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Hospitality Trends 2015

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Title: PowerPoint Presentation Author: anuja chavan Last modified by: user Created Date: 8/16/2006 12:00:00 AM Document presentation format: On-screen Show (4:3) – PowerPoint PPT presentation

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Title: Hospitality Trends 2015


1
Hospitality Trends 2015
2
New rules of the Game
  1. Game-changing approach to loyalty programmes -
    recognition to reward is preferred and a direct
    emotional appeal and the need to feel special
    can drive loyalty
  2. Understand different generational needs - Boomers
    are a key segment hence should be targeted with
    experiential life-enhancing products, designed
    to appeal to their forever young attitudes
  3. Embrace the influence of social media - Engage
    consumers to build awareness and community,
    increase web traffic and search rankings, and
    draws potential new guests
  4. Increasing use of mobile smart phone technology
    This will enable to create a greater degree of
    loyalty, by ensuring the services fit the quick
    response needs of todays on-the-move consumer
  5. Investing in talent management Develop
    innovative talent programmes and re-design
    operating models to effectively execute the
    talent strategy
  6. 360-degree view of sustainability - Develop an
    environmentally responsible brand as price,
    quality, brand and convenience will continue to
    drive consumer spending, but sustainability will
    increasingly be part of the decision-making
    process

2/20
3
New rules of the Game
  1. Upgrade to self-healing technology - Develop
    better integrated IT systems and shared services
  2. RD focus - Develop and invest in research and
    development for staying ahead of the consumers
    needs and desires
  3. Reinforcing data security - Organisation has to
    take all the necessary safeguards to protect
    guests and the reputation of the brand
  4. Yield management tools will improve cost
    management Implement cost management systems
    driven by Artificial Intelligence-based
    technology
  5. Crisis Management Prepare for the Black Swan -
    Reconfigure each crisis as an opportunity to
    reinforce brand values and enhance the consumer
    relationship

3/20
4
The hospitality industry
4/20
The value of brand to the consumer, the growth in
emerging markets, the importance of
consumer-facing technology and the sourcing,
development and retention of human capital have
helped shape the hospitality industry over the
past five years. These, along with the growing
importance of the sustainability agenda and
exogenous events and cycles are the key trends
that will define success in the market place in
2015. Our report explores in detail these key
trends, which impact both the hospitality
industry, as well as the other sectors which make
up the wider travel experience.
5
Emerging Markets
  • Key findings
  • By 2015, China and India will each have
    absolute year-on-year tourism growth equal to or
    greater than the UK, France or Japan.
  • Penetration of the domestic travel markets in
    China and India will yield the greatest long-term
    returns for international brands.
  • Local brands still dominate emerging market
    mid-market and budget sectors.
  • Across India the government has identified a
    shortage of around 150,000 rooms, with most of
    the under-supply occurring in the budget sector
  • Both China and India are at risk of an
    over-supply of luxury hotels in key tourism
    cities, at least in the short term.

5/20
6
Emerging Markets
  • The strength of underlying economic development
    and prosperity in China and India will effect the
    rise of business travel whilst the US business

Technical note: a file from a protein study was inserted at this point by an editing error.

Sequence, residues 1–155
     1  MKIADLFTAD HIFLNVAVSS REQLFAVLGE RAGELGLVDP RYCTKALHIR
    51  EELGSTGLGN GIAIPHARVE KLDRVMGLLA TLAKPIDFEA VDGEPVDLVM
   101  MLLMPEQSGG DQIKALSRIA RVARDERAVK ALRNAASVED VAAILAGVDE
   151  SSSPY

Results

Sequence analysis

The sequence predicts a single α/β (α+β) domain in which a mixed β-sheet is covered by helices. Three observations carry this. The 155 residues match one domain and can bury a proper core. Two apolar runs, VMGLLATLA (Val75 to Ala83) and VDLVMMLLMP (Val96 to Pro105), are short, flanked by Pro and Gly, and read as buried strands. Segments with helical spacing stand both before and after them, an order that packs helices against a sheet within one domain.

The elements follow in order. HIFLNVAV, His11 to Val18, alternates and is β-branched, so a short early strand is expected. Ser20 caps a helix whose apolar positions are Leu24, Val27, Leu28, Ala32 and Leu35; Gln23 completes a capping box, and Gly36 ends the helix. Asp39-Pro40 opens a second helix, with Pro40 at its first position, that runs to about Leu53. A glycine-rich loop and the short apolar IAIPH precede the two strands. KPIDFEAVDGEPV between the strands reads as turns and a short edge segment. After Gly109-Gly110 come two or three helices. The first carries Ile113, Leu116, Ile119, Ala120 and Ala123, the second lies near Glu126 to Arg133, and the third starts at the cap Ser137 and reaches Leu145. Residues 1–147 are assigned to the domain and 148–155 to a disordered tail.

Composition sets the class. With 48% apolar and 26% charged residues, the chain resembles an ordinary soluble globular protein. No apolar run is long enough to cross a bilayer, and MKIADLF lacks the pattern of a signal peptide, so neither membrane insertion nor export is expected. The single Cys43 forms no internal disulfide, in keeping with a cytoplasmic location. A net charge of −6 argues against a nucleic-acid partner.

travel market is expected to stagnate over the
    next five years, growing at 0.3 per cent per
    year, Chinas business travel spending will grow
    6.5 per cent annually to 2013
  • Middle classes in the emerging markets need to be
    offered competitively priced hospitality,
    tempting them away from the unbranded guesthouses
    that currently have the lions share of the
    market

6/20
7
Brand Differentiate to survive
  • Brand is likely to become a more important choice
    factor for luxury travellers as key locations
    become increasingly saturated
  • Social media offers opportunities to build brand
    awareness and community, but can highlight brand
    inconsistency which could be detrimental
  • The softer brand attributes such as decor, type
    of bathroom amenities and service style are often
    of less value to the consumer and can have less
    impact on hotel choice
  • Brands that can offer something truly unique or
    compelling are likely to win market share and the
    ability to innovate will be crucial for success
  • We believe that much greater differentiation will
    be needed over the next five years to capture the
    loyalty of the luxury traveller
  • Lifestyle brands try to create an emotional
    connection with their guests

7/20
8
Technology Time to play catch up
Airlines continue to lead the way in
technology   Online check-in from mobile
devices. Selecting seats and in-flight meals
online. Printing own boarding cards.
Selecting baggage options online.   Most of this
was established technology for airlines when we
issued our Hospitality 2010 report five years ago
and yet hotels still do not offer similar
services to guests.
  • Ensure that their services fit the consumers
    needs more than the offerings of their
    competitors by launching an iPhone application to
    enable guests to manage their bookings
  • websites are mobile-friendly in order to maximise
    the benefits of mobile technology
  • include interactive maps/GPS, reward programmes
    for quick mobile bookers, confirmation texts and
    pre-arrival texts

8/20
9
Back office systems
  • Food wastage revolution - Sustainability is
    moving up the hospitality agenda. All businesses
    are coming under mounting pressure to consider
    the environment in their everyday activities
  • By 2015, AI-based technologies will be used to
    forecast food and beverage demand with a higher
    degree of accuracy, enabling hoteliers to reduce
    food wastage and manage labour costs more
    efficiently